The 35-nation Security Summit in Helsinki, the largest conference of its kind ever held in Europe, ended tonight (August 1) with government leaders signing a formal pledge to push towards world peace and stability.
GV Heads of state and photographers at summit
SV Ford signing document (2 shots)
SV Giscard signing
SV Wilson signing (2 shots)
SV Brezhnev signing
SV Tito signing
GV and SV audience applauds (3 shots)
SV President Ford speaking
TRANSCRIPT: FORD: SEQ 8: "To the countries of the east, the United States considers that the principles on which this conference has agreed are a part of the great heritage of European civilisation, which we all hold in trust for all mankind. To my country, they are not cliches or empty phrases. We take this work land these words very seriously. We will spare no effort to ease tension, and to solve problems between us. But it is important that you recognise the deep devotion of the American people and their government, to human rights and freedom, and thus to the pledges that this conference has made regarding the freer movement of people, ideas, information."
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Background: The 35-nation Security Summit in Helsinki, the largest conference of its kind ever held in Europe, ended tonight (August 1) with government leaders signing a formal pledge to push towards world peace and stability.
During the closing ??nasion , the 35 delegation heads sat together to sign the declaration, which recognises the post war political state of Europe and the inviolability of borders.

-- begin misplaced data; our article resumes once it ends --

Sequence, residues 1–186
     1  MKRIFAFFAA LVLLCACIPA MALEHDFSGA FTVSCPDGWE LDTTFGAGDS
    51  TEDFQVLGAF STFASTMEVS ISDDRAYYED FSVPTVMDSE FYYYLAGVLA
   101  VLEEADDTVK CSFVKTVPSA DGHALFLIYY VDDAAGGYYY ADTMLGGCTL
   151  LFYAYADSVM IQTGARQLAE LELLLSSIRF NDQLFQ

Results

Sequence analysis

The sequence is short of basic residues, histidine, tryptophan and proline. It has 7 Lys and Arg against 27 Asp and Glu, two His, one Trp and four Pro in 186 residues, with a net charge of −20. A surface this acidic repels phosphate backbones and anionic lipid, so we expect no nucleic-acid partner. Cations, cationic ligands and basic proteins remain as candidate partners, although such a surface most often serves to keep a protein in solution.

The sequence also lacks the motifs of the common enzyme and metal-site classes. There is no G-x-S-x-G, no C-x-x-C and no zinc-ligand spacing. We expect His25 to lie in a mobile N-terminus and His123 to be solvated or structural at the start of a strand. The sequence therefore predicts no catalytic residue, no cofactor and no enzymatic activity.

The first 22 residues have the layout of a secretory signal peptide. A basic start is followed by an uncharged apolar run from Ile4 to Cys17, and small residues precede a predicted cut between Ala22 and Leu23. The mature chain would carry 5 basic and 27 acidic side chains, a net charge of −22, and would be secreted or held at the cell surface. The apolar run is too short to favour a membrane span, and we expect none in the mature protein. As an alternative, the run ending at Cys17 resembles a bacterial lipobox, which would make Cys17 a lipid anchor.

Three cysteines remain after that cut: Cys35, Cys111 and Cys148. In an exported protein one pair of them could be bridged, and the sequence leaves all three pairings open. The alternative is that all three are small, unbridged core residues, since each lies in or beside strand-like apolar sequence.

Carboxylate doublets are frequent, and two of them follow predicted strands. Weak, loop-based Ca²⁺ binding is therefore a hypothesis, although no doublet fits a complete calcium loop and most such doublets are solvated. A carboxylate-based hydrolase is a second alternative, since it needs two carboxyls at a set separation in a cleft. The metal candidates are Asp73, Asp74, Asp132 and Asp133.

Earlier, speaker after speaker had called for the nations of Europe and the World to translate the words of the document into peaceful deeds.
Among them was President Ford of the United States, who promised to show flexibility in seeking ways to end military confrontation in Europe. But he warned that he expected the Warsaw Pact nations to adhere to the spirit of the agreement, as well as to its actual statements:
SYNOPSIS: The thirty-five nation Security Summit in Helsinki -- the largest conference of its kind ever held in Europe -- reaches its climax on Friday as government leaders pledged themselves to seek progress towards peace and stability. President Ford of the Unites States was among the thirty-five delegation leaders signing the agreement.
So was president Giscard d'Estaing of France. The thirty-thousand word document sets forth the principles of future cooperation and detente. It recognises the postwar boundaries of Europe and the inviolability of present borders.
For Britain, Prime Minister Harold Wilson was the signatory. For three days, speaker after speaker at the summit called for nations to translate peaceful words into peaceful deeds.
Soviet Party leader Leonid Brezhnev had spoken the previous day, and vowed that the Kremlin would work hard for detente and would scrupulously observe the provisions of the declaration. He'd added that a priority in soviet policy is now to overcome the deadlock over mutual troop reductions in Europe.
The last of the heads of state to sign the agreement was President Tito of Yugoslavia--the only World War Two leader at the summit.
Earlier in the day, the delegates had given an ovation to President Ford when he promised a flexible approach towards ending the confrontation in Europe....but warned the Eastern bloc to stick to the spirit of the agreement.